Oh, for the love of chocolate! The importers of Cadbury’s Dairy Milk chocolate bars, and other signature products such as Flakes, Maltesers, Kit-Kats and Toffee Crisp, agreed recently to stop importing all Cadbury’s chocolate that was made overseas. Not since 100,000 lbs. of tea were chucked into the Boston Harbor has there been such a to-do.
The Hershey Company, which holds the license to manufacture Cadbury’s Milk Chocolate in the United States, recently struck the deal with Let’s Buy British Imports to supposedly “prevent consumers from being confused or misled when they see a product package that is confusingly similar to a Hershey name or trade dress”. At least, according to a Hershey’s representative, who has obviously never been told that using the word “confusing” twice in one sentence is, well, to put it bluntly, confusing.
Chocolate-loving British ex-pats aren’t buying it. Nor are they buying the Hershey manufactured Cadbury’s Dairy Milk bars anymore. Not that discerning chocolate lovers did in the first place. And maybe there’s the rub.
"It will seem more likely to anyone who has ever tasted Hershey's own brand products and its approximations of Cadbury's that they are instead preventing consumers from buying products which taste much better than Hershey's own," speculated The Telegraph’s Andrew Baker.
Or, to put it simply (and you really must try that sometime, Mr. Baker), Hershey's is afraid. They’re afraid that if someone not familiar with the taste of a bar of real Cadbury’s Dairy Milk (i.e., one made in the UK) should inadvertently get their hands on one, they’ll never go back. As one furious on-line objector to the ban, Harry Mupph, put it, “the wrappers of Hershey’s candy bars taste better than the product inside.”
Never one to let a world-shattering event go unexplored, The New York Times tasked up-and-coming cub reporter Tatiana Schlossberg with the job of investigating the difference between a Hershey’s Cadbury chocolate bar and an imported Cadbury’s chocolate bar. The granddaughter of JFK conducted an “informal blind taste test” and came to the conclusion that the Brits had reason to be upset.
“Chocolate in Britain has a higher fat content; the first ingredient listed on a British Cadbury’s Dairy Milk (plain milk chocolate) is milk," Schlossberg wrote in her assessment of the two same-named products. “In an American-made Cadbury’s bar, the first ingredient is sugar."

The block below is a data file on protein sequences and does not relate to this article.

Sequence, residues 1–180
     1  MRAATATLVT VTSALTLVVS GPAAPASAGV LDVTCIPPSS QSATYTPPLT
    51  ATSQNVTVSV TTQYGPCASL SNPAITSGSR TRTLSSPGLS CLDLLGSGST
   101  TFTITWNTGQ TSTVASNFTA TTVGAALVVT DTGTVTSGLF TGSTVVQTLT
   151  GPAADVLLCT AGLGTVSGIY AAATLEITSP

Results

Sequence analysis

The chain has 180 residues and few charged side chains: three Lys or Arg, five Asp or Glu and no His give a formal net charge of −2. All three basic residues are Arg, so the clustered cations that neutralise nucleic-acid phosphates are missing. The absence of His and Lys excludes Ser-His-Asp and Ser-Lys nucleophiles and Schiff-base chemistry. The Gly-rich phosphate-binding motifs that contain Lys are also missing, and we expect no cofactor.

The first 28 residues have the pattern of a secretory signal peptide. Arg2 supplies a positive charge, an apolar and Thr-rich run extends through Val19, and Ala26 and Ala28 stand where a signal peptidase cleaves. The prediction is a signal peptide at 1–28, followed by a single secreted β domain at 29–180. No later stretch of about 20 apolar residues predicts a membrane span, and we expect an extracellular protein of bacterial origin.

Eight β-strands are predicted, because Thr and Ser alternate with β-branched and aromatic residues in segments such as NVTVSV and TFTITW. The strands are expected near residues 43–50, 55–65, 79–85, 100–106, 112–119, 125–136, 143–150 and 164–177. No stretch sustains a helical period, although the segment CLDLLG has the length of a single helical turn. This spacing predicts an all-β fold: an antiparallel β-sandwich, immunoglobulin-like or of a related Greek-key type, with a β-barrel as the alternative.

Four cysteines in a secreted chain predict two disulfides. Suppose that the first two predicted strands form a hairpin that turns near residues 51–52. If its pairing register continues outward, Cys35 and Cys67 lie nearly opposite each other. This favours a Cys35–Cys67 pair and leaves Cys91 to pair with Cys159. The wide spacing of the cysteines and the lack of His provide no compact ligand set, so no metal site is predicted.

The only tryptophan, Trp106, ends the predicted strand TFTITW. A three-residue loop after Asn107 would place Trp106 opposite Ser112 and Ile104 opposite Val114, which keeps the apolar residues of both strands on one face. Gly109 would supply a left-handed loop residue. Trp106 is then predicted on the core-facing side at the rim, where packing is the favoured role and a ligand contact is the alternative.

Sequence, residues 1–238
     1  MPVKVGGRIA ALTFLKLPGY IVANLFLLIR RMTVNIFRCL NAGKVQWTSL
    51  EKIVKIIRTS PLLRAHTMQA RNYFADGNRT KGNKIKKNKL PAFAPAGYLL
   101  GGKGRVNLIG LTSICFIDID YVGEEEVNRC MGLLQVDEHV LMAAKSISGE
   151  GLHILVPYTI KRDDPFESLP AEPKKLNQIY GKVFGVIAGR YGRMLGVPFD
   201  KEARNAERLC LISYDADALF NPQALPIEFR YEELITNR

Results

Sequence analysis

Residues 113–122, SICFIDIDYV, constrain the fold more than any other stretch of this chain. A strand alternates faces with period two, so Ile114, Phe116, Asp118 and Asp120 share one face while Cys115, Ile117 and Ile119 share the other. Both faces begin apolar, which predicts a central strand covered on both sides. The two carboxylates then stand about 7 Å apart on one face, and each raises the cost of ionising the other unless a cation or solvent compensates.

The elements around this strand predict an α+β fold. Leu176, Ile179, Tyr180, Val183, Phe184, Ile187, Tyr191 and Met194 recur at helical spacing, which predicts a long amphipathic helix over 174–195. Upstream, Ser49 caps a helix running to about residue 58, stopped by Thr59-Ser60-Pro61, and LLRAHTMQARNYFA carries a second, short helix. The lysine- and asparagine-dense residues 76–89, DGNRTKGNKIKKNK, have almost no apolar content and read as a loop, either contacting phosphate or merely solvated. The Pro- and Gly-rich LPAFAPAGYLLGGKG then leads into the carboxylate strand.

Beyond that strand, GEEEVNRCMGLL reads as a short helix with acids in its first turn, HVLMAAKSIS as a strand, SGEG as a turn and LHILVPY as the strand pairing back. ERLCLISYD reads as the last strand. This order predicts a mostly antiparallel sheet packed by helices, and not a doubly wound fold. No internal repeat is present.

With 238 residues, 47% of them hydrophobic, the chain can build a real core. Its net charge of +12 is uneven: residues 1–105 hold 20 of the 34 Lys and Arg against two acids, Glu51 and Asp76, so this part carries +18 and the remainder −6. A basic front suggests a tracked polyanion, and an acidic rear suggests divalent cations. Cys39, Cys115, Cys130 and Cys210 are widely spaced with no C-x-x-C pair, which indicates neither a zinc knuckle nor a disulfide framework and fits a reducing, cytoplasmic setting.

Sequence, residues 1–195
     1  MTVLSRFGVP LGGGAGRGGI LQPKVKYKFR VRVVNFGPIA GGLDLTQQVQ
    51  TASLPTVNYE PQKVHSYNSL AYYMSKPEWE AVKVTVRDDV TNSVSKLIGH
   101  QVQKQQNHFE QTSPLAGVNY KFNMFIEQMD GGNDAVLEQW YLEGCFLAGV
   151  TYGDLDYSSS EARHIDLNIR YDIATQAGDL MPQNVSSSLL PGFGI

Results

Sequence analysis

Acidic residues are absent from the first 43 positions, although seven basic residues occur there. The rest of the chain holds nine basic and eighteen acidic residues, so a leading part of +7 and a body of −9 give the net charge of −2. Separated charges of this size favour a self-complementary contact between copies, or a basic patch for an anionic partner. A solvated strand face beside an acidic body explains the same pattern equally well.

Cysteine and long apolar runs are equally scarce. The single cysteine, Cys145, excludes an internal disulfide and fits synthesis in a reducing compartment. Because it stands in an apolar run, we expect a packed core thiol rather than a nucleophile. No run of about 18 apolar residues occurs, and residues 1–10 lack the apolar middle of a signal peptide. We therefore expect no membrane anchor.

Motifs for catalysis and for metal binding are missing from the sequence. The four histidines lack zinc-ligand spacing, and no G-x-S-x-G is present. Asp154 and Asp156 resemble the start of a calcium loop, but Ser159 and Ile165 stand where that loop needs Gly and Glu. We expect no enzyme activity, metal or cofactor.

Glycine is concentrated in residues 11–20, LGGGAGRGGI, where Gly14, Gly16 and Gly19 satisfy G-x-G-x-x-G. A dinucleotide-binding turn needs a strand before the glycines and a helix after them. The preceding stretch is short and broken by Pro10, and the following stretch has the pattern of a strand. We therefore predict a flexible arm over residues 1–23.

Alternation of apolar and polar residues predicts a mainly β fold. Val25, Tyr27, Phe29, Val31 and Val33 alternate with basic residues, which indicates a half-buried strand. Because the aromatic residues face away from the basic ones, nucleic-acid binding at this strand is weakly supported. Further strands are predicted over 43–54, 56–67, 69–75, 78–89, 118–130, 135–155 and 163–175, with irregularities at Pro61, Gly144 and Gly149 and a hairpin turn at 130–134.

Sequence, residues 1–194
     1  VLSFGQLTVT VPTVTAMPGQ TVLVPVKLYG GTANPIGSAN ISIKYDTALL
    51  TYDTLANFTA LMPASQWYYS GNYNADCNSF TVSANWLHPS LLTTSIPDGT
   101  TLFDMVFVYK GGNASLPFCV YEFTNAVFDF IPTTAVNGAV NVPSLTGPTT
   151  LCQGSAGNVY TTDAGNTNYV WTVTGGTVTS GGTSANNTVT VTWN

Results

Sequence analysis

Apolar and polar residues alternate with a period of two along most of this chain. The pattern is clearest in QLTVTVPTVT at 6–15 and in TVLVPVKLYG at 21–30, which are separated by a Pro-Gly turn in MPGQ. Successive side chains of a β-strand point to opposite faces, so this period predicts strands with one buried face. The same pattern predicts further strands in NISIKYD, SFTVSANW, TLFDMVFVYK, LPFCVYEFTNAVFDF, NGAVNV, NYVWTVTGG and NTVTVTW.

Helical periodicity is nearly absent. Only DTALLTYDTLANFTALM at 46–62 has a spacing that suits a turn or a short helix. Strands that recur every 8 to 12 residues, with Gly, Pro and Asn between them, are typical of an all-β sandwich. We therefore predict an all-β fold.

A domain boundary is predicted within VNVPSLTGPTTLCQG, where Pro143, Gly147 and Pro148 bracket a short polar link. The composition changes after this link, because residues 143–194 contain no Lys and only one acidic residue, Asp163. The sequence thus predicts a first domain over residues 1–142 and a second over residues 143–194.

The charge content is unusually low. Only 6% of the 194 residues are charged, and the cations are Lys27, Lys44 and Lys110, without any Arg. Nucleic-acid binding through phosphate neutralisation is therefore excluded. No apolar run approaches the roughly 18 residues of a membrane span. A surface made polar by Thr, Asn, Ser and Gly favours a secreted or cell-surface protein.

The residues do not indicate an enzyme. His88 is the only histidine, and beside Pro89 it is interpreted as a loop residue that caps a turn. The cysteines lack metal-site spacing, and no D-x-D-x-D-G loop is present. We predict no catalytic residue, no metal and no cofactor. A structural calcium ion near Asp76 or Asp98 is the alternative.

Unlike U.K.-manufactured Cadbury bars, American-made Cadbury bars contain preservatives. (Of course, perhaps if the American-made bars tasted better, there’d be no need to prolong their shelf life with preservatives, as they’d be flying off the shelves faster than Usain Bolt.)
Schlossberg also concluded that “the British Dairy Milk was slightly fudgier, allowing for a creamier taste and texture. The American Dairy Milk bar left a less pleasing coating and somewhat of a stale aftertaste.”
In other words, to once again quote on-line commentator Harry Mupph, one product has a “creamy, tasty goodness”, while the other is “whatever the opposite of creamy, tasty goodness is.”
It’s hard to pass a shelf in a supermarket or convenience store without being accosted in some way by a Hershey-manufactured product. “First comes love, then comes sharing...” is the Hershey motto. Surely there’s room to share a little space on the shelf for those of us who grew up expecting "a glass and a half of full cream dairy milk in every half pound"? Instead it seems the Hershey folk have taken the lyrics to my favorite Flake jingle a little too literally.
“...tastes like chocolate never tasted before” was meant to be a good thing.